The first of the 1989 events that came to mind when I focused the little grey cells on that memorable twelve months, was the invention of the World Wide Web by English software engineer Tim Berners-Lee at CERN in Switzerland.
This event passed unnoticed by the vast majority of us at the time - we would not discover its wonderful, world-altering significance until the 1990s. Read all about it here.
The second event to trot into my noddle was the Fall of the Berlin Wall...
An absolutely stunning historical moment...
Here's how the Daily Mirror reported events on Saturday, November 11, 1989:
TOGETHER AT LAST
on the day the world became a better, braver place...Holes were bulldozed in the Berlin Wall and East Germany promised free elections yesterday as thousands of her citizens continued to pour out to the West.
Minutes after the election announcement, East German bulldozers began smashing two more holes as exit points in the wall. And eight more border crossings will be made next week.
For the Communists it is a calculated gamble in an attempt to stem an exodus. For the East German people, already almost delirious with the pace of change, it is another giant step to freedom.
The East German Communist Party unveiled an amazing package of reforms, including free elections, changes in the economy and parliamentary control over the army.
This revolutionary programme means party bosses have now given thousands of demonstrators everything they demanded during peaceful candlelit protests.
They knew that East Germany's 16 million people would never have halted the protests unless free elections were granted.
Yesterday the East Germans were walking and driving through the Wall at the rate of 800 an hour, sounding their car horns and weeping with emotion.
For some, however, the dizzying pace was almost too much. The East German guards did not know quite how to react to the West German who stretched out the hand of friendship near the Checkpoint Charlie crossing.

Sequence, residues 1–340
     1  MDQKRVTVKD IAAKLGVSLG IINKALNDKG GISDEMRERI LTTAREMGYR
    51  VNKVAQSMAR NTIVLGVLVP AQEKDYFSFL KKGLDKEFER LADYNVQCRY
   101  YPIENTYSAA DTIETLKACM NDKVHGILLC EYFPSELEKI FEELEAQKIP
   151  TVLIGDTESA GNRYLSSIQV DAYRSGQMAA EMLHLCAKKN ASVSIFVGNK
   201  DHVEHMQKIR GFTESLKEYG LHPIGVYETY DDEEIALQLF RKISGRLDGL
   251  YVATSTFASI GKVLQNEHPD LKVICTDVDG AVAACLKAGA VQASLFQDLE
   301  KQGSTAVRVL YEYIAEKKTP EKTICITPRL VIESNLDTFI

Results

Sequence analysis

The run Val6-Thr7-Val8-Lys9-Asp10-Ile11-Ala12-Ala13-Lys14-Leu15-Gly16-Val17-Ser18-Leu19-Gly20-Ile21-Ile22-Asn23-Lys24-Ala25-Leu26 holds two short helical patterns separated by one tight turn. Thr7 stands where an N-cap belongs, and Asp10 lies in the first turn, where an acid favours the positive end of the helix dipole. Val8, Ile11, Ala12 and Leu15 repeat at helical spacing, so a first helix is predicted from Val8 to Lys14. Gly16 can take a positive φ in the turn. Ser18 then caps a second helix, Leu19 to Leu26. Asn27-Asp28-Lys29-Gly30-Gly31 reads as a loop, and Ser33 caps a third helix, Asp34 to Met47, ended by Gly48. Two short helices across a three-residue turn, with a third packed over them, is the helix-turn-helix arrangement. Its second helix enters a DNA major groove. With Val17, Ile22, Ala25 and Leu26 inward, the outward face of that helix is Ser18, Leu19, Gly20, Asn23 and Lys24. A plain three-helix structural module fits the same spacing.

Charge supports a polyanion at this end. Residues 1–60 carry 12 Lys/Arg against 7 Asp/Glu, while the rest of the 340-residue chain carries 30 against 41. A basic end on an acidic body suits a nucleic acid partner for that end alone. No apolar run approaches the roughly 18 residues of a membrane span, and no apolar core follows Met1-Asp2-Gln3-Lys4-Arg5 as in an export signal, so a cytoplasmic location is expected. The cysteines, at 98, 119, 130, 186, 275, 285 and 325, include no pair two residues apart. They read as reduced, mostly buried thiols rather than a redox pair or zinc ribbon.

But for the families who were crossing into West Berlin all day there were no doubts. They came, they saw... and they fell in love with the capitalist world they had for so long been taught to distrust.
With the toys in the shops - the Batman cars, the walking, talking, living dolls, the video games, the mountain bikes.
With the clothes. The baby wear. The range of cars.
But, most of all, with the overflowing shelves in the supermarkets. For many who are younger than the 28-year-old wall, it was their first day of freedom. Their lives have been dominated by secrecy and shortages.
Their first taste of Western plenty was a free handout.
Police and savings banks told excited East Germans who wanted to go shopping the way to social security offices.
There they were given 100 West German marks - worth about £35 - in "welcome money."
Gunter Martin, a factory worker from Halle, waved a wad of East German marks and said: "This is completely useless to me here.
"It's the most unbelievable day of my life. I just shut up my car repair shop and jumped in my car as fast as I could."
Reinhold Haupt, a 41-year-old electrician who drove from Ashersleben to spend the weekend in West, was showered with hospitality by a crowd of West Germans giving the new arrivals a heroes' welcome.
Within minutes someone offered him a bed, another said he would take him on a tour, a third handed him a cup of coffee and a woman pressed a 10-mark note into his hand.
He spent his "welcome money" on bananas, oranges, coffee and chocolate, all in short supply in East Germany.
Civil servant Thomas Kolbar said: "I turned up at my aunt's house last night and she nearly died of shock."
The Communists' gamble may pay off. Most East Germans are only visiting the West, happily returning home after partying or sight-seeing in the West.
No one could count the numbers going to the West in Berlin. But elsewhere, 45,000 East Germans swarmed to the West yesterday and only 2,500 stayed.
More from 1989 soon.